Landscape connectivity of the grassland biome in Mpumalanga, South Africa

Show simple item record Fourie, Louise Rouget, Mathieu Lötter, Mervyn 2014-10-06T11:18:24Z 2015-02
dc.description.abstract The South African grassland biome is one of the most threatened biomes in South Africa. Approximately 45% of the grassland biome area is transformed, degraded or severely invaded by alien plants and the remaining natural areas are highly fragmented. In this fragmented landscape, the connectivity between habitat patches is very important to maintain viable populations. In this study we aimed to quantify connectivity of the grassland biome in Mpumalanga using graph theory in order to identify conservation priorities and to direct conservation efforts. Graph theory-based connectivity indices have the ability to combine spatially explicit habitat data with species specific dispersal data and can quantify structural and functional connectivity over large landscapes.We used these indices to quantify the overall connectivity of the study area, to determine the influence of abandoned croplands on overall connectivity, and to identify the habitat patches and vegetation types most in need of maintaining overall connectivity.Natural areas were identified using 2008 land cover data for Mpumalanga. Connectivity within the grassland biome of Mpumalanga was analysed for grassland species with dispersal distances ranging from 50 to 1000 m. The grassland habitat patches were mostly well connected, with 99.6% of the total habitat area connected in a single component at a threshold distance of 1000 m. The inclusion of abandoned croplands resulted in a 33% increase in connectivity at a threshold distance of 500 m. The habitat patches most important for maintaining overall connectivity were the large patches of continuous habitat in the upper and lower centres of the study area and the most important vegetation types were theWakkerstroom Montane Grassland and the EasternTemperate FreshwaterWetlands.These results can be used to inform management decisions and reserve design to improve and maintain connectivity in this biome. en_US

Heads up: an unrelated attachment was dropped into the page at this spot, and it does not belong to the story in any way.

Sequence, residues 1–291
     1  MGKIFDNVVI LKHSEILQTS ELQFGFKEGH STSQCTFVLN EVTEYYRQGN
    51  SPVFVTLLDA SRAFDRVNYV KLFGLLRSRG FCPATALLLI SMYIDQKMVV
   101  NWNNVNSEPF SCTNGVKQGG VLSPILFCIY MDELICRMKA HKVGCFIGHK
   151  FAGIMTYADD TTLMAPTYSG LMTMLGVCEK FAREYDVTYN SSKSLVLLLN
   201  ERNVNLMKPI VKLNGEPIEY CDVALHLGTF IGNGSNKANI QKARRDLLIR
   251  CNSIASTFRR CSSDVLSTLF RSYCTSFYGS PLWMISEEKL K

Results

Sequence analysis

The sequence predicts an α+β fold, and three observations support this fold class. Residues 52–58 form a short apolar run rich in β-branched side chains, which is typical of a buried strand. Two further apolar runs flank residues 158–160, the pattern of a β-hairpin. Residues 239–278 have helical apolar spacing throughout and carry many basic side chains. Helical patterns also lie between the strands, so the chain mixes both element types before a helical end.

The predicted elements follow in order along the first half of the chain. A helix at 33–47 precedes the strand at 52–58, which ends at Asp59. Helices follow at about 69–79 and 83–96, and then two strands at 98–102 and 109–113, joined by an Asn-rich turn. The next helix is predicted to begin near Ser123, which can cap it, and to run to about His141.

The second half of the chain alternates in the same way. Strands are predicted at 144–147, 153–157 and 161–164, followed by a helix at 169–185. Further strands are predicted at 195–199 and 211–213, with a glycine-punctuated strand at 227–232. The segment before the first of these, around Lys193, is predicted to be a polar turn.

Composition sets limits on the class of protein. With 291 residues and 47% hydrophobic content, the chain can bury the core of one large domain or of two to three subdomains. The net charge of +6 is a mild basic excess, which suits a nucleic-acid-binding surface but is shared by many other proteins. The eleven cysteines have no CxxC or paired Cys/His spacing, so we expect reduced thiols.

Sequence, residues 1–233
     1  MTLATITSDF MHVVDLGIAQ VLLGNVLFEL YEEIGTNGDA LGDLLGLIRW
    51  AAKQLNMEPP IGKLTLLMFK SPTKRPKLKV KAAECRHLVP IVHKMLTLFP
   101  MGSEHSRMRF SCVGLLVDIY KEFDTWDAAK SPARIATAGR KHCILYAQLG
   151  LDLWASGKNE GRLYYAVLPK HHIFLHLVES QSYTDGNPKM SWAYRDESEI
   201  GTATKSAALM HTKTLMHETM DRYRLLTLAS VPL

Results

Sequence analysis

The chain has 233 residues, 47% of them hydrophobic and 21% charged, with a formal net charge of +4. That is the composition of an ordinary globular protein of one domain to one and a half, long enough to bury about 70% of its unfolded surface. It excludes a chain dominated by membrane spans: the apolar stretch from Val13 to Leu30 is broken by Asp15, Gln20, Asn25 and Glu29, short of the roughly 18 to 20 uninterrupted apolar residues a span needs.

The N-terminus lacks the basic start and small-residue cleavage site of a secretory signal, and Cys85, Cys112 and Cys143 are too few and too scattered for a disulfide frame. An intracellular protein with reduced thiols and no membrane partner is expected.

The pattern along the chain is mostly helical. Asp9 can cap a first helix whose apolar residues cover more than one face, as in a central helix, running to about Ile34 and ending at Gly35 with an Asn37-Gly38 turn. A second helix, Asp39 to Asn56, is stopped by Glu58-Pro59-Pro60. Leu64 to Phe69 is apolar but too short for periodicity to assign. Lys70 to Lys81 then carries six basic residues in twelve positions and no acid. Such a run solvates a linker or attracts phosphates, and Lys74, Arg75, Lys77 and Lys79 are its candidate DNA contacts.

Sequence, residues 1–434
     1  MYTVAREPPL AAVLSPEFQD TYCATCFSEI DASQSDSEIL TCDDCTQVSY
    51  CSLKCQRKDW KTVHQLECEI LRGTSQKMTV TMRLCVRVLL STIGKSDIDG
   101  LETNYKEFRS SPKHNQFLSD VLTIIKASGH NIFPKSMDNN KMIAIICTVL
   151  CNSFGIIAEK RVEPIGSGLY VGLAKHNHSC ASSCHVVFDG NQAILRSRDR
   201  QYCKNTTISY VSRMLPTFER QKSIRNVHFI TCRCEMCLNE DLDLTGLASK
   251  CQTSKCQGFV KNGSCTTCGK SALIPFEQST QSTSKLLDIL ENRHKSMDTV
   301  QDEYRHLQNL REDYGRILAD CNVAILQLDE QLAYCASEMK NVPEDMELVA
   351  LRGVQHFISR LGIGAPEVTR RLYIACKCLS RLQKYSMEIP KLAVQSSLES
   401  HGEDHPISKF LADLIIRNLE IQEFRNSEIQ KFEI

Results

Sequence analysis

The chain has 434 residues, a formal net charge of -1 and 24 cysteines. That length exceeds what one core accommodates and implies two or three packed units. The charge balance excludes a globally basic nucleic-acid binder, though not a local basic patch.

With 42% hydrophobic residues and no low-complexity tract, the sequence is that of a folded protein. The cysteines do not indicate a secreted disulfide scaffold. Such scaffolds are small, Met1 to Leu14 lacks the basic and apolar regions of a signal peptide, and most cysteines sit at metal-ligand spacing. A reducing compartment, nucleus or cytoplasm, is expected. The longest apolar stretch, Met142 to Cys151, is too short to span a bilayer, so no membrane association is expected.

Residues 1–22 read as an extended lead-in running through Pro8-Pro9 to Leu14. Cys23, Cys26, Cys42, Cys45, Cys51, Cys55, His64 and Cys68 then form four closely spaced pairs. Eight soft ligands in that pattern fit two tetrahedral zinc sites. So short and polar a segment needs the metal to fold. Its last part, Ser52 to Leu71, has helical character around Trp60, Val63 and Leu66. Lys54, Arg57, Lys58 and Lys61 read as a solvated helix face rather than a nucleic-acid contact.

dc.description.embargo 2016-02-03
dc.description.librarian hb2014 en_US
dc.description.sponsorship University of Pretoria and the National Research Foundation of South Africa. en_US
dc.description.uri en_US
dc.identifier.citation Fourie, L, Rouget, M & Lötter, M 2015, 'Landscape connectivity of the grassland biome in Mpumalanga, South Africa', Austral Ecology, vol. 40, no. 1, pp. 67-76. en_US
dc.identifier.issn 1442-9985 (print)
dc.identifier.issn 1442-9993 (online)
dc.identifier.other 10.1111/aec.12169
dc.language.iso en en_US
dc.publisher Wiley en_US
dc.rights © 2014 The Authors Austral Ecology © 2014 Ecological Society of Australiahis is the pre-peer reviewed version of the following article : Landscape connectivity of the grassland biome in Mpumalanga, South Africa. Austrial Ecology, vol. 40, no. 1, pp. 67-76, 2015, doi : 10.1111/aec.12169. The definite version is available at : en_US
dc.subject Abandoned croplands en_US
dc.subject Conservation planning en_US
dc.subject Habitat fragmentation en_US
dc.subject Secondary grassland en_US
dc.subject Threatened ecosystems en_US
dc.title Landscape connectivity of the grassland biome in Mpumalanga, South Africa en_US
dc.type Postprint Article en_US

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